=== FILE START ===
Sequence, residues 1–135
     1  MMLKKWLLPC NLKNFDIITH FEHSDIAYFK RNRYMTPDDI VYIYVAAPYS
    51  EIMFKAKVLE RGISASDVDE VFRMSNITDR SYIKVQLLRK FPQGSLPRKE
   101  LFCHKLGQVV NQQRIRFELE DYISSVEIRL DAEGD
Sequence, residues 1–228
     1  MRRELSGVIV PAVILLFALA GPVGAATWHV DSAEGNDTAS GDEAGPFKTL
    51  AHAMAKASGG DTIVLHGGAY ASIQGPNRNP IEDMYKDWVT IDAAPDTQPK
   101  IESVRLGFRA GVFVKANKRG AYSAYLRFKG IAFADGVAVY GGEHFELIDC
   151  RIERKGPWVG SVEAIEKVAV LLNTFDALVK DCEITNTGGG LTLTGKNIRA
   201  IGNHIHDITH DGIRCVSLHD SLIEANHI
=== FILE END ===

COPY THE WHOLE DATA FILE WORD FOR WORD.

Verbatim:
Sequence, residues 1–135
     1  MMLKKWLLPC NLKNFDIITH FEHSDIAYFK RNRYMTPDDI VYIYVAAPYS
    51  EIMFKAKVLE RGISASDVDE VFRMSNITDR SYIKVQLLRK FPQGSLPRKE
   101  LFCHKLGQVV NQQRIRFELE DYISSVEIRL DAEGD
Sequence, residues 1–228
     1  MRRELSGVIV PAVILLFALA GPVGAATWHV DSAEGNDTAS GDEAGPFKTL
    51  AHAMAKASGG DTIVLHGGAY ASIQGPNRNP IEDMYKDWVT IDAAPDTQPK
   101  IESVRLGFRA GVFVKANKRG AYSAYLRFKG IAFADGVAVY GGEHFELIDC
   151  RIERKGPWVG SVEAIEKVAV LLNTFDALVK DCEITNTGGG LTLTGKNIRA
   201  IGNHIHDITH DGIRCVSLHD SLIEANHI